Report by Alistar Kata
Eight hours a day of free-to-air New Zealand content is on offer to Pacific countries in a new broadcasting initiative backed by the Ministry of Foreign Affairs and Trade (MFAT).
Prime Minister John Key announced the plan at the Pacific Islands Forum Leaders’ Summit in September.
But just how this plan will roll out was the focus of a seminar at AUT University last week.
“New Zealand has a proud image to protect in the Pacific, but the Pacific now is crowded space. For example, over the last 10 to 15 years the Chinese presence is a lot more pervasive in the Pacific,” says New Zealand Economic Ambassador in the Pacific, Matua Shane Jones.
“Broadcasting is a great way for the interests and values that New Zealanders hold dear to be projected into the Pacific, after all there is an enormous Pasifika community now living in Aotearoa.”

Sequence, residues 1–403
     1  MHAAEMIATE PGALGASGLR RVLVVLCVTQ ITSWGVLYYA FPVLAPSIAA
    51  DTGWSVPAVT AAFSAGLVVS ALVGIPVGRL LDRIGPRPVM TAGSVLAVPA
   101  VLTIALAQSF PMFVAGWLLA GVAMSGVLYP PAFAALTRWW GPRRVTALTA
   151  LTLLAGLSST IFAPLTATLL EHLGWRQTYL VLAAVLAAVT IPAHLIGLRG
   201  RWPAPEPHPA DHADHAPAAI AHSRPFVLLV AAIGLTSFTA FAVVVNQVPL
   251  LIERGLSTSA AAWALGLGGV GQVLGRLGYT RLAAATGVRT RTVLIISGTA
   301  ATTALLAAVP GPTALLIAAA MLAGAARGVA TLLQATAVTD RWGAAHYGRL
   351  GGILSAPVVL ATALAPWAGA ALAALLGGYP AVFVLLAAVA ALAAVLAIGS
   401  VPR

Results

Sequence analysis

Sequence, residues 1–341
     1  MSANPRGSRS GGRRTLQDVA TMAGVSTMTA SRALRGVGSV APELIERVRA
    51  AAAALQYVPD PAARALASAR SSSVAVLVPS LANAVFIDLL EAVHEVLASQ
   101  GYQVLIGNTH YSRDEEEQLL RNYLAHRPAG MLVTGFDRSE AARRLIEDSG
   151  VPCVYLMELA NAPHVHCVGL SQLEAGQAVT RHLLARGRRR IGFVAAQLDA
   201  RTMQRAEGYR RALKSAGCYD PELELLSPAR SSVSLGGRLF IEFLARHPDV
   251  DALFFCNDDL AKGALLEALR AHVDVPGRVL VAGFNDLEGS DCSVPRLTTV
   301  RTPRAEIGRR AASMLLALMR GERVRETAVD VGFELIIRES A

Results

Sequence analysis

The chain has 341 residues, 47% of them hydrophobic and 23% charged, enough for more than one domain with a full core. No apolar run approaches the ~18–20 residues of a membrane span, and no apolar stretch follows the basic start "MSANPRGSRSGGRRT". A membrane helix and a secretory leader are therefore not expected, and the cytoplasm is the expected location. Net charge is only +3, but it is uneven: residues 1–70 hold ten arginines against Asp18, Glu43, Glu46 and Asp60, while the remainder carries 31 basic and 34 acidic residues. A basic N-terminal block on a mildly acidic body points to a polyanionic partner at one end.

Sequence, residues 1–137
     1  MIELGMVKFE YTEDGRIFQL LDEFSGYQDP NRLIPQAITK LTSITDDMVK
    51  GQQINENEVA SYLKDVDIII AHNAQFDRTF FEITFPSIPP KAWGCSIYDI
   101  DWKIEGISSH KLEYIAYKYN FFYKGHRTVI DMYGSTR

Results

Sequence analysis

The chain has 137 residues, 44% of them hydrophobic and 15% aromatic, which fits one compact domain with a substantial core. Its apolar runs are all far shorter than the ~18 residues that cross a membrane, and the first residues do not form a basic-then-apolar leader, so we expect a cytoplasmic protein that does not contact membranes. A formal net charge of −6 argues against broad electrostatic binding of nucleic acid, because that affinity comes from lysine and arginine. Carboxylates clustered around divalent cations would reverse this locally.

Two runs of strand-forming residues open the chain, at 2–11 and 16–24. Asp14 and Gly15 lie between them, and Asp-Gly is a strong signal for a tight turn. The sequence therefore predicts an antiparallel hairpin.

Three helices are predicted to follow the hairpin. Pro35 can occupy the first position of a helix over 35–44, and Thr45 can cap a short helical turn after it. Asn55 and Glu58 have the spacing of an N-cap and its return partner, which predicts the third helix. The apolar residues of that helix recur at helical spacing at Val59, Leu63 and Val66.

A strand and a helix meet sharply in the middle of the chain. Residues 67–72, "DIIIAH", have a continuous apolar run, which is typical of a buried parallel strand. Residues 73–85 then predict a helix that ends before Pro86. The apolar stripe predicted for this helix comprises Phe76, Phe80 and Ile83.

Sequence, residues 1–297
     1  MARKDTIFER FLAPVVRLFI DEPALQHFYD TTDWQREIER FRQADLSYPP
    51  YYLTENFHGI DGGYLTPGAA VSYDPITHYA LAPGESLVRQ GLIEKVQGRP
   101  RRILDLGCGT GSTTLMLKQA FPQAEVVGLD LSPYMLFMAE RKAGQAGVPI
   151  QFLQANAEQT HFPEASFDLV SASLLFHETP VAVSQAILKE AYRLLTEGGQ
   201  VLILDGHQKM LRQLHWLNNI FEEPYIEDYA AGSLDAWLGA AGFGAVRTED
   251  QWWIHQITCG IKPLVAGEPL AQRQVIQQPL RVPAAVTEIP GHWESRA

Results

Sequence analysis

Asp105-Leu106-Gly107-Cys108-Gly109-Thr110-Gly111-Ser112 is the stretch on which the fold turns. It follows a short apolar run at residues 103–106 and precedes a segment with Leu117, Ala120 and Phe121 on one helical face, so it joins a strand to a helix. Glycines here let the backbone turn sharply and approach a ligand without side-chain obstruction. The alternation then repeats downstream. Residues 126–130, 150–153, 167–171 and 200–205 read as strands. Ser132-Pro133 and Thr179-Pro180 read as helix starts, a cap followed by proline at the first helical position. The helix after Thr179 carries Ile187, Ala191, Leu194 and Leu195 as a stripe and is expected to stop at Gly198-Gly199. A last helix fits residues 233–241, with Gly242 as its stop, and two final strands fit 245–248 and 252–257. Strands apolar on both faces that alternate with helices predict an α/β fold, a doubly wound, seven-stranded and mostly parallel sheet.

Consultant working on the project Tony O’ Brien says the project is more than just providing content.
“Of course we want to help them and encourage them to produce more local content, and how we’re doing that is we’re giving them camera equipment, camera kits to encourage them to do more local content in their territories,” he says.
The Pacific Cooperation Foundation will run the initiative, with content being available as early as next year.
Reporter/Editor: Alistar Kata, contributing editor of the Pacific Media Centre’s Pacific Media Watch project.
Matua Shane Jones
Video clip sources:
Pacific Cooperation Foundation
Television New Zealand
(CC) Pacific Media Centre, School of Communication Studies, AUT University, Auckland, Aotearoa/New Zealand. www.pmc.aut.ac.nz